David Parker and Dr Linda Wright got a taste of a hydrogen-powered future when they climbed into Hyundai's Nexo SUV model in Seoul this week.
Hyundai Motor has serious ambitions for its second hydrogen FCV (fuel cell vehicle). It hopes to sell more than 10,000 units of the Nexo next year.
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It was a classic photo-op for Parker, who as Trade Minister had been leading a business delegation to South Korea to get some renewed focus on a market which officials see as seriously under-cooked.
But for Parker – who also holds the environment portfolio – it was also a key opportunity to position New Zealand at the forefront of progressive countries which are developing hydrogen energy opportunities to decarbonise their economies.
So too, for Wright – the enthusiast who by her own endeavours founded a private sector consortium of organisations to progress the delivery of renewable hydrogen infrastructure in New Zealand leading to her appointment as chief executive of the NZ Hydrogen Association. The group – which includes Genesis, Ports of Auckland, Refining, NZ, Beca, Hiringa among others – is committed to the delivery of low-emission hydrogen solutions both domestically and for potential export.
A day later, Parker and Wright notched up an agreement via a letter of intent to formalise a Korea-NZ hydrogen collaboration at a meeting with industry and government representatives.
Parker says he later discussed the joint initiative with South Korean Trade Minister Yoo Myung-hee. "There's obviously Government interest there which is good," said Parker.
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He says the South Korean Government has a "very, very big programme" which it's determined to achieve.
"That aligns with our ambitions to be zero carbon by 2050 and given our reputation to be able to deploy these technologies and practices in a way that is ahead of most of the world," he said.
"The challenge for New Zealand is to make real on a couple of early hydrogen projects to show that we are serious and can do practical things rather than just sign agreements."
South Korea has signed similar letters of intent with Australia, Norway Saudi Arabia and Israel. What sets New Zealand apart from Australia and Saudi Arabia is that all the proposed hydrogen produced in NZ will use renewable energy – it will be "green hydrogen" as opposed to "brown hydrogen" which uses fossil fuels in the process.
"It is a bit like early wind power," Parker reflects. "No one can put a hydrogen vehicle on the road if they can't recharge it with hydrogen.
"Conversely no one's going to invest in hydrogen technology unless there are people that are going to use it.
"It is a real chicken and egg situation but we have to start somewhere."
New Zealand maybe just at the start of its own hydrogen journey. But Parker is confident of corporate support.
Some 10 hydrogen leaders from the Korean side – spanning shipping logistics, hydrogen fuel cell technology, manufacturers or pressure vessels and more – were present for the meeting. They included H2Korea – a group established to promote South Korea as the leader of the global hydrogen industry; leading academics, Korean foreign ministry leaders and a number of private energy sector CEOs.
The path to a hydrogen future is not straight forward. There are safety considerations to overcome. Already there has been an explosion as one station in Korea which killed two people.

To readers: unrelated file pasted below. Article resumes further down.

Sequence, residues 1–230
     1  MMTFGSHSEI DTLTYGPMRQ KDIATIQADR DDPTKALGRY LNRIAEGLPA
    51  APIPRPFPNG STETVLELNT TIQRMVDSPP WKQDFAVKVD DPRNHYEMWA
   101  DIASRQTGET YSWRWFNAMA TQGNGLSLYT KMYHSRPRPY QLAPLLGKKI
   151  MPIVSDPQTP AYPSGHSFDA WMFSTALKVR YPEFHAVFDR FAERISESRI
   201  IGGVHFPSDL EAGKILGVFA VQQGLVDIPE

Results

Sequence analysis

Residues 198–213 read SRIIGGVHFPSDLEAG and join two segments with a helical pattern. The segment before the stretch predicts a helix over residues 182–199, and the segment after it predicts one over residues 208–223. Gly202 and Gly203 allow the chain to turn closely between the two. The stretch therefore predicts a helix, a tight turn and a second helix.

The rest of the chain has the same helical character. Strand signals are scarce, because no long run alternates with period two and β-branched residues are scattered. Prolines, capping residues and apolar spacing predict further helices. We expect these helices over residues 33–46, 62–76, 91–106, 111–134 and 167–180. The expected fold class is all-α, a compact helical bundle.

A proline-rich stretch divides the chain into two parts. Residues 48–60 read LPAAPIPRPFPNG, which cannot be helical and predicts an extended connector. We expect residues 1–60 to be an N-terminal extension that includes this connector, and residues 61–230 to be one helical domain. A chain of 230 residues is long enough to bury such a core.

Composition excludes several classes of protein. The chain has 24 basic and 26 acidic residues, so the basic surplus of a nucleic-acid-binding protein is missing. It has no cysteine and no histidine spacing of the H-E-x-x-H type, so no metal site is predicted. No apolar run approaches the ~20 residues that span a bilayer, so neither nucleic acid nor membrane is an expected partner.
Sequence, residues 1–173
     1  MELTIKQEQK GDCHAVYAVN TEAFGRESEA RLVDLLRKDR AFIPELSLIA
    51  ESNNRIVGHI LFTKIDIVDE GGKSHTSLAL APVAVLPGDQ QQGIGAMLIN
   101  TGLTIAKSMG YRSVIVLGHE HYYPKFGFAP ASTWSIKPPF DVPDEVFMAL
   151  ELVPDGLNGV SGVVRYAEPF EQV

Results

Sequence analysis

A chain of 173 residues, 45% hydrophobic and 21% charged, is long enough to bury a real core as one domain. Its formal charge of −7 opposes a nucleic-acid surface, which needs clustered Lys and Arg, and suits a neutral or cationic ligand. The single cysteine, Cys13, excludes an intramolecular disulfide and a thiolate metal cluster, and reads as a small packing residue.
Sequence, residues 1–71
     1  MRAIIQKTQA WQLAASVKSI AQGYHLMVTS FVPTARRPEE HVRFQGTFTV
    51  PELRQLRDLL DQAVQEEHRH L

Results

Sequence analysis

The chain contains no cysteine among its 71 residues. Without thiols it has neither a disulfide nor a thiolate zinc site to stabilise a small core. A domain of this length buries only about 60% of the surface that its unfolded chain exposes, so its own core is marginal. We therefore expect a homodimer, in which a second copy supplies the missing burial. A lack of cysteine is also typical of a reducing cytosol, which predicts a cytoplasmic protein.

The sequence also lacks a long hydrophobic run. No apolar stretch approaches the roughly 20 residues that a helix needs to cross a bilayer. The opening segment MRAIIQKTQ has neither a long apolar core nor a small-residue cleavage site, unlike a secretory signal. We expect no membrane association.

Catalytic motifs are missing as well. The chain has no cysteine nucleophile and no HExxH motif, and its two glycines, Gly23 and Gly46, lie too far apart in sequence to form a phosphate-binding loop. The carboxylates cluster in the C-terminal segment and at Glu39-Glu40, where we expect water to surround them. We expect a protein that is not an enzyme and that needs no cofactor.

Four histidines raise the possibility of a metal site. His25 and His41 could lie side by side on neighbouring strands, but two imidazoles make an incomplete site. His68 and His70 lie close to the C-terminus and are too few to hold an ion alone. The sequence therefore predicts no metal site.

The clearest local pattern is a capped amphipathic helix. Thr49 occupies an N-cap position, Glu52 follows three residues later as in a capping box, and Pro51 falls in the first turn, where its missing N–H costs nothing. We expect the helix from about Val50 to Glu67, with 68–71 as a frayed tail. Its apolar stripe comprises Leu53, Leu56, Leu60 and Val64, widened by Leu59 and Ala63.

Nikkei Asian Review reports that Japanese research company Fuji Keizai predicts that the global fuel cell market will grow by a factor of 23 to about $US46.1 billion by 2030 compared with fiscal 2018, with the cells set to be used for a variety of purposes beyond cars, including industrial machinery, buses and boats.
Following growth trends of other markets in Asia, that for fuel cells is expected to grow rapidly in the region, notably in China and South Korea.
It will also take considerable investment from Governments.
South Korea is moving ahead with public-private partnerships as it accelerates moves to not only produce hydrogen fuel cell vehicles but also establish hydrogen fuelling stations. The country is out to reduce its reliance on natural gas and oil as energy sources.
The South Korean Government is funding 50 per cent of the costs of the hydrogen fuelling infrastructure and is providing subsidies for the fuel cell vehicles.
Parker said the NZ Government would also likely be an investor - but at millions of dollars rather than hundreds of millions.
"If you want to participate in these ventures and show that we're up for being early partners, then we have to support those pitches, in my opinion.
"So there are proposals that are coming through from the Provincial Growth Fund."
Those proposals are yet to get to ministerial level but one is understood to involved hydrogen-powered buses.
"This project, if it proves feasible and economic, will introduce new hydrogen technology to New Zealand that will assist with our decarbonisation, will provide New Zealand with a new export industry, and will assist South Korea with its own decarbonisation efforts."
The initiative comes as the United Nations warns world leaders the must cut greenhouse gas emissions by a staggering 7.6 per cent every year for the next decade to meet the most ambitious goal of the Paris climate deal, or suffer the impacts of greater global warming.
In a report on Tuesday, the UN Environment Programme (UNEP) laid out the enormous scale of the challenge to meet the target of holding temperature rises to 1.5C by the end of the century, following a decade when emissions have on average grown by 1.5 per cent a year.
If that does not incentivise action - what will?
• Fran O'Sullivan traveled to Seoul courtesy of Air New Zealand.